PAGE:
Compulsive Gambling.

Essay by jared_rx7College, UndergraduateA, August 2005

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Compulsive gambling is a very common problem among many people in today's society. It is defined as being unable to stop gambling at any point in time and. To the gambler, gambling has become an addiction - like an addiction to alcohol or drugs. They find it extremely hard to stop gambling and believe they can "beat the odds" - even when their entire world begins to fall apart. When people can't stop gambling, they loose all their money, their job, family and can even loose their life over it. Problem gamblers come from many backgrounds. They can be rich, poor, young, or old. Problem gambling can affect people from every different race, every religion and every education and income level. It can happen in small towns as well as large cities.

People often gamble because they believe winning will solve all their problems, or they want to escape from, boredom, stress and grief.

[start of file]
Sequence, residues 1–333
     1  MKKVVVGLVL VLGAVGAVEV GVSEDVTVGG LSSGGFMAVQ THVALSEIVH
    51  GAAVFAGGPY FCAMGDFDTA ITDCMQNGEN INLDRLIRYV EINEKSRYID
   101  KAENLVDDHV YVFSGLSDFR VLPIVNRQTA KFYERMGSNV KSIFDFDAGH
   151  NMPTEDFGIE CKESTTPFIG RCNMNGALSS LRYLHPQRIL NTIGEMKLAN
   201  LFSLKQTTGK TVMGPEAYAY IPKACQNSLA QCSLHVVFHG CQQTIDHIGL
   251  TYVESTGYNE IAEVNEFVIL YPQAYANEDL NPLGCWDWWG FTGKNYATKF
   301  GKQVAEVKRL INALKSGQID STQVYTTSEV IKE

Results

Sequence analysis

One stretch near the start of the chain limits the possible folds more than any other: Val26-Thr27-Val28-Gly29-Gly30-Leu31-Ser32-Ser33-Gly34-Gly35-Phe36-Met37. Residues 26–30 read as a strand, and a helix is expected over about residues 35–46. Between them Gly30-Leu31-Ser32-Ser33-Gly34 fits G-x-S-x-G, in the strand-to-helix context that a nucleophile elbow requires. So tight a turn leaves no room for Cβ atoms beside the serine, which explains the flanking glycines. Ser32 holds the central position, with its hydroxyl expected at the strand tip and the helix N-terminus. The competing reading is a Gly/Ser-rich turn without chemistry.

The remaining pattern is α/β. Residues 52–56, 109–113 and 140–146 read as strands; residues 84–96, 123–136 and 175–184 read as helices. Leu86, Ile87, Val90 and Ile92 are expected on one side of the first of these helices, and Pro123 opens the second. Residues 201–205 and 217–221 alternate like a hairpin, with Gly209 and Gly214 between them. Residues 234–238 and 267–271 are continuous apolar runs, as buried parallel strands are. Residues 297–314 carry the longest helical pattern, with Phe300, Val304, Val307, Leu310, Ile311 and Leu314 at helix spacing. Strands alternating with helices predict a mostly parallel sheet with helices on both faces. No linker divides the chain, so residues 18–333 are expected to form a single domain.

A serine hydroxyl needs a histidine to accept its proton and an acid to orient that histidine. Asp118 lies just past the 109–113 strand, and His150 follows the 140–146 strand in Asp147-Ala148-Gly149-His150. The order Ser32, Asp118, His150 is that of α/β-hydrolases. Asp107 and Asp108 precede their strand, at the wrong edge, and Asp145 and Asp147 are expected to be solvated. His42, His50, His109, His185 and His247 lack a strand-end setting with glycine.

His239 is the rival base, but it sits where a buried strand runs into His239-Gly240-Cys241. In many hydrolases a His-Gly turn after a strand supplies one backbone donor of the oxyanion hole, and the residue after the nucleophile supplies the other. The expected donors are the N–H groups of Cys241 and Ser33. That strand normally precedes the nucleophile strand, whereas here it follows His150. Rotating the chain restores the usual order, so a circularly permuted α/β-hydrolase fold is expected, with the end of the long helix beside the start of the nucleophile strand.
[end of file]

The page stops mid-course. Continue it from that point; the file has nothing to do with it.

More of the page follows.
They also do it to get time to think, not worry or they are tired and emotionally drained. Often times, compulsive gamblers are in troubled relationships and feel helpless or are lonely. The thrilling high of gambling can provide an exciting high, almost like a drug, to help people escape.

Having so many choices can make it difficult for people with problems to stop gambling. Some of these choices may include slot machines, casino table games, sports betting, video - poker, blackjack, and keno, cards, bingo, scratch tickets, the lottery and raffles. These are just to name a few ways to gamble. It is no wonder the problem is growing more common each year.

Some problem gamblers are easy to spot. They talk about betting all the time or continually look for ways to get gambling money. They may go to the racetrack every day or...